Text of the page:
By now, more than a few of us have probably discovered that it is hard to point our finger at anyone other than ourselves as “the sinner”—without self-identifying as a first class hypocrite. How many times have we heard the distinction made about hating the sin, but loving the sinner, when those talking about “the sinner” were referring to themselves?
Yes, this can seem confusing. By the wisdom of Solomon, God hates a lot of practices that are harmful to ourselves and others (Prov 3:16-19). Isn’t it, then, our responsibility to fearlessly speak that truth?
Maybe not. We aren’t God. Nor has God, himself, condemned any sin without a plan and willingness to bear the pain and consequence of “the sinner” in the body of his own Son.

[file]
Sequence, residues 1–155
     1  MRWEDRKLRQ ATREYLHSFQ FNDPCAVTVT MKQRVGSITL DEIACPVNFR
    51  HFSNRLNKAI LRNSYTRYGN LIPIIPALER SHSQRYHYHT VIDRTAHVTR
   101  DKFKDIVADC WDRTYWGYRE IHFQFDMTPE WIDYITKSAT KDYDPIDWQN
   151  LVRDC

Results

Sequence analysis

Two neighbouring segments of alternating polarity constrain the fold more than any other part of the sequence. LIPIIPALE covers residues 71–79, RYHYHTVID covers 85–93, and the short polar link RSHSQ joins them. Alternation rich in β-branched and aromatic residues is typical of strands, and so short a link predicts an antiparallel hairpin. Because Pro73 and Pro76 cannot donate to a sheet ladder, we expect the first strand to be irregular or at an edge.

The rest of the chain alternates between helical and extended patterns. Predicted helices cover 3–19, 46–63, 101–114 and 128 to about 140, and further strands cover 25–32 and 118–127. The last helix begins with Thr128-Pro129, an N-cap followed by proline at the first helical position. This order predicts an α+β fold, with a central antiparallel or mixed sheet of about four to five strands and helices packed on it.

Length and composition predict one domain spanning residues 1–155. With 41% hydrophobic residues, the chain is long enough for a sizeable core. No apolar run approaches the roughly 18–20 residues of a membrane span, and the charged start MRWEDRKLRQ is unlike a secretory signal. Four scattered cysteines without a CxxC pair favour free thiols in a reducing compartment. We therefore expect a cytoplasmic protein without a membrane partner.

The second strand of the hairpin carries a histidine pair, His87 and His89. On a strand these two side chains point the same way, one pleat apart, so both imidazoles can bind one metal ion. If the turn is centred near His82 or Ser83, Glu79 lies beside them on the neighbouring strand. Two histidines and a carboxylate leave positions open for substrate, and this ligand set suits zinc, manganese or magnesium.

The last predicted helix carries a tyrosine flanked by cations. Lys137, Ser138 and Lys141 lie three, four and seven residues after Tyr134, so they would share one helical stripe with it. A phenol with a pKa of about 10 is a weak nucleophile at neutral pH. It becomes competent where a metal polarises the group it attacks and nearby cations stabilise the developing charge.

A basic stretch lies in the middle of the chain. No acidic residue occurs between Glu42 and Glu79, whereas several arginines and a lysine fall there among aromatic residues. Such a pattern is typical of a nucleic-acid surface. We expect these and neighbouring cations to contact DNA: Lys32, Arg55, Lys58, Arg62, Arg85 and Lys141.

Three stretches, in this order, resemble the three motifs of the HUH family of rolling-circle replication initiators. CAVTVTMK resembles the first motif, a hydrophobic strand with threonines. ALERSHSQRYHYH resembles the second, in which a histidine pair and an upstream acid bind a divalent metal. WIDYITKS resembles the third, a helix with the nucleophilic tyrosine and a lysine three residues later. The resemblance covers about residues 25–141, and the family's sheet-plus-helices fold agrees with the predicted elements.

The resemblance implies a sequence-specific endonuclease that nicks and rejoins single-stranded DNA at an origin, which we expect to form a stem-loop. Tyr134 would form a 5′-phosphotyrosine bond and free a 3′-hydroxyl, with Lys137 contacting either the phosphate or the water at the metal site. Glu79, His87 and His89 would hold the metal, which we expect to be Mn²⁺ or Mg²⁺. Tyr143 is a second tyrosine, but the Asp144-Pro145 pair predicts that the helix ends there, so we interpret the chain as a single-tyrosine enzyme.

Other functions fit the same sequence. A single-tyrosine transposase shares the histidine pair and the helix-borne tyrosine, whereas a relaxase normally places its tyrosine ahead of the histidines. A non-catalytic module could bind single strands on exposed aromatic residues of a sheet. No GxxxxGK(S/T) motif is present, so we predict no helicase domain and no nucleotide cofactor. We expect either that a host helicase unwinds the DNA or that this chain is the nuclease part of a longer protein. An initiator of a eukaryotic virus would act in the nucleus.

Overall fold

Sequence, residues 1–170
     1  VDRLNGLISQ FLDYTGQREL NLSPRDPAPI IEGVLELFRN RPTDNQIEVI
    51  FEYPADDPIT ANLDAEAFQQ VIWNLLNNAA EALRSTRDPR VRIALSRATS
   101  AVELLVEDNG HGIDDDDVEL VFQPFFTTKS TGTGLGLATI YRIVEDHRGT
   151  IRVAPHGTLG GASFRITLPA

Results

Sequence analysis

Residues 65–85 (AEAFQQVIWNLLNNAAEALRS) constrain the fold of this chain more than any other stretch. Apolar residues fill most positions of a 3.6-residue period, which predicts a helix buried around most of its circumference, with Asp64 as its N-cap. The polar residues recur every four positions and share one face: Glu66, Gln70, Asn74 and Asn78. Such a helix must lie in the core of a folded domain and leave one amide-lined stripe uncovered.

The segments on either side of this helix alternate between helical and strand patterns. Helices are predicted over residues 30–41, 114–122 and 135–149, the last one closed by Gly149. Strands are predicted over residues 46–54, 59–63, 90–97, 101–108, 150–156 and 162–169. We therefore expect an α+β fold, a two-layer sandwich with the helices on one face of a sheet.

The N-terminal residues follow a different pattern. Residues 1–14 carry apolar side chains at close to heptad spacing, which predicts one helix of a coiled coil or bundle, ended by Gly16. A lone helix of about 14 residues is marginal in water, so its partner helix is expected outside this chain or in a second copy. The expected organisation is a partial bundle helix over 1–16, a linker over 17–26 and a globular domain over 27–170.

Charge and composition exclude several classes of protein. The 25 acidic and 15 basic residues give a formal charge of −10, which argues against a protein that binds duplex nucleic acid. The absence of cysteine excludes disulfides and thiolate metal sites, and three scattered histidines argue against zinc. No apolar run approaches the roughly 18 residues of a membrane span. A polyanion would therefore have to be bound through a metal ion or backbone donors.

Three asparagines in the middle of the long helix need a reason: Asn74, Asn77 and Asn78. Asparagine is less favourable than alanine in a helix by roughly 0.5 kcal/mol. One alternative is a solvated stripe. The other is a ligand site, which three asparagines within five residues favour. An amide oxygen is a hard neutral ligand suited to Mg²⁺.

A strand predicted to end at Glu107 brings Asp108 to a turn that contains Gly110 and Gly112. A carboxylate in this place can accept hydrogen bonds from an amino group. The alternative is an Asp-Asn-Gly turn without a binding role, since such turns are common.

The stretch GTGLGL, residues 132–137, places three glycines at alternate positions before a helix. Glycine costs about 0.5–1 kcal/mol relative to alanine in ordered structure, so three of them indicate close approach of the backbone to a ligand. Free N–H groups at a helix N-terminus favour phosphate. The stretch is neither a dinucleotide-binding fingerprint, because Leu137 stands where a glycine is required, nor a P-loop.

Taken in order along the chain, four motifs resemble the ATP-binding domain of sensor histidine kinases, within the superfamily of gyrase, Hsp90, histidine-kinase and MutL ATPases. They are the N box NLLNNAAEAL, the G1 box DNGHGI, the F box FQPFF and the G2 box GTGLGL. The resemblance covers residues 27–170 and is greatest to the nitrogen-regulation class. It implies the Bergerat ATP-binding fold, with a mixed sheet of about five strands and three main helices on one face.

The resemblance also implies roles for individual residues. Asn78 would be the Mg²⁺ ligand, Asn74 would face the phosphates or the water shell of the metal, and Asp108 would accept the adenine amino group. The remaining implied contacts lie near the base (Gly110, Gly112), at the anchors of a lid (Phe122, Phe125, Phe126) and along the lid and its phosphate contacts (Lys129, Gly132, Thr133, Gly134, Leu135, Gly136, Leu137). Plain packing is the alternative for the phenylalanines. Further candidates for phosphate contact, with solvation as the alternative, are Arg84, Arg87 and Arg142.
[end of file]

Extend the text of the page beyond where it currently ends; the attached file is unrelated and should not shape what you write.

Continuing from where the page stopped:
Jesus didn’t come to condemn anyone, but rather to be condemned by sinners like us—for us.
The result is that now when people like us cry out, “God me merciful to me the sinner” we get what we ask for—mercy. Just as importantly, by pointing the finger at ourselves, we find the credibility we need to declare the best news ever heard. There is hope for anyone like us.